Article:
It’s an accepted truth in presidential politics that the Iowa caucus has the power to make or break any campaign. In 2008, the caucus thrust Mike Huckabee into top-tier status, and Mitt Romney’s second-place finish was, in some ways, the beginning of the end.
What’s more, Iowa politicos are all-too aware of their state’s prominence during election cycles. When presidential candidate Jon Huntsman admitted his strategy will keep him out of Iowa, state officials layered on the criticism.
“If he doesn’t come to Iowa, he’s not going to be the Republican nominee,” Don Racheter, vice chair of Iowans for Tax Relief, was quoted as saying in the Des Moines Register.
Steve Scheffler, a Republican National Committeeman, told local media that Romney “needs to come to Iowa…”
“I don’t think he should have to think about coming to Iowa,” Scheffler added. “He does need, in my view, to participate in Aug. 11 debate and Aug. 13 straw poll.” (Romney skipping Iowa straw poll)
State Rep. Steven Lukan was also recently quoted as saying, “I think anybody that chooses to skip Iowa does so at their own peril. It’s very much a state that anybody can come in and do well in if you’re willing to commit the time. Iowans work very hard at vetting their candidates. Candidates leave Iowa better than they came here.”
It’s a sentiment that is often applied to every presidential candidate. But so far in the 2012 cycle, Romney appears to be the exception to the rule.
This time around, the former Governor of Massachusetts has taken a different approach to the state. While Romney does have a campaign structure in place, it’s minimal and much less active than it was three years ago. (CBS ignores Herman Cain’s performance in Iowa poll)
His first campaign trip to the state this year was not until the end of May. Moreover, earlier this month, the Romney campaign announced he will be skipping all straw polls, including Iowa’s in August.
Despite that, Romney has led in almost every single Iowa poll for the Republican candidates.
According to RealClearPolitics, Romney has come in second in two statewide polls, finishing behind Sarah Palin. The last three Iowa polls, however, showed Romney at the top of the field.
Although that does include the Des Moines Register poll that had Romney in a statistical tie with Michele Bachmann, the last PPP poll and Neighborhood Research poll had former Massachusetts governor clearly at the top.
In the PPP poll, Romney came in at 21 percent. Sarah Palin and Herman Cain tied for second with 15 percent. In the Neighborhood poll, Romney finished with 15 percent and second place went to Newt Gingrich with 8 percent.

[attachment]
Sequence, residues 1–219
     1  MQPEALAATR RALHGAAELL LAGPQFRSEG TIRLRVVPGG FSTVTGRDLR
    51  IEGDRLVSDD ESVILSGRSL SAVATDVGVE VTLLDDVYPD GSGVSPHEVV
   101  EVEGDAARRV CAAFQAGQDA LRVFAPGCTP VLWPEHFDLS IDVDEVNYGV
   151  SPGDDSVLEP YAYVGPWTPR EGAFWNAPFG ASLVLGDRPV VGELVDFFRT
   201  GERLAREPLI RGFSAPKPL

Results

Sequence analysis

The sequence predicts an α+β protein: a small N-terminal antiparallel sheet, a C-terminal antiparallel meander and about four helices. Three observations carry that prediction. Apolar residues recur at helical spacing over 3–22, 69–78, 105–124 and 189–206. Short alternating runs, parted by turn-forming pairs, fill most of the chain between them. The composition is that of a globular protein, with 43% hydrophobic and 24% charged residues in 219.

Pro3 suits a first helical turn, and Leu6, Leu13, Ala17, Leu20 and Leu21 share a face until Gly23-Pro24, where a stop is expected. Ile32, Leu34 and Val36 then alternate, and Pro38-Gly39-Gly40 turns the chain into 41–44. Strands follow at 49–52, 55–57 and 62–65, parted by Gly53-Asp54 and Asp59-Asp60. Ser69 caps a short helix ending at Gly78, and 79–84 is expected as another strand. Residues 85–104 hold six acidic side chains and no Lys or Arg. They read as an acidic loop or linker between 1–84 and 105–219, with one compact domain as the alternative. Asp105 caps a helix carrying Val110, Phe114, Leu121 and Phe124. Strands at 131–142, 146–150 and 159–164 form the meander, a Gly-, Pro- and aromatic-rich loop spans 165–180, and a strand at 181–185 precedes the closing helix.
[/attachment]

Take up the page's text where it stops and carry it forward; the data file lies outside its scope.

While those polls are just a snapshot of Romney’s stature in Iowa, it’s clear he’s enjoying a relatively effortless lead.
Iowans chalk it up to name identification and residual effects from the 2008 campaign, in which Romney invested millions of dollars.
“Romney enjoys a lot of name ID,” one Republican source told The Daily Caller, adding that ongoing fluidity in the field has worked to Romney’s benefit.
Plus, the sources added, “He has a campaign here, thought it is smaller than it was in 2008.”
“It’s name ID at this point, reflecting again the imp0rtant nature of the Iowa caucus,” said Tim Albrecht, Communications Director for Governor Terry Branstad. “It’s organize, organize, organize. So while the polls reflect a certain line-up now, those who can mobilize their people to the straw poll and caucuses can defy any polls and any convention wisdom.”
“To me, Mitt Romney is a likable guy,” said Republican consultant Phillip Stutts. “I think it also shows the quality of the other candidates out there. The question is, can he grow beyond 25 percent? Is that his ceiling? Or can he go beyond that?”
Dave Funk, co-chair of the Polk County GOP, had a different take on the Des Moines Register poll, telling TheDC it is not an “accurate depiction of the Republican field,” since it polled an equal number of Independents and Republicans.
Can Romney actually win the Iowa caucus?
“Of course,” said Stutts. The GOP source, on the other hand, replied by saying to expect a lot of movement in the field, especially after the straw poll.
Albrecht added that while Romney still has a loyal following from 2008, “those supporters could spread out to other candidates, but so far they really haven’t.”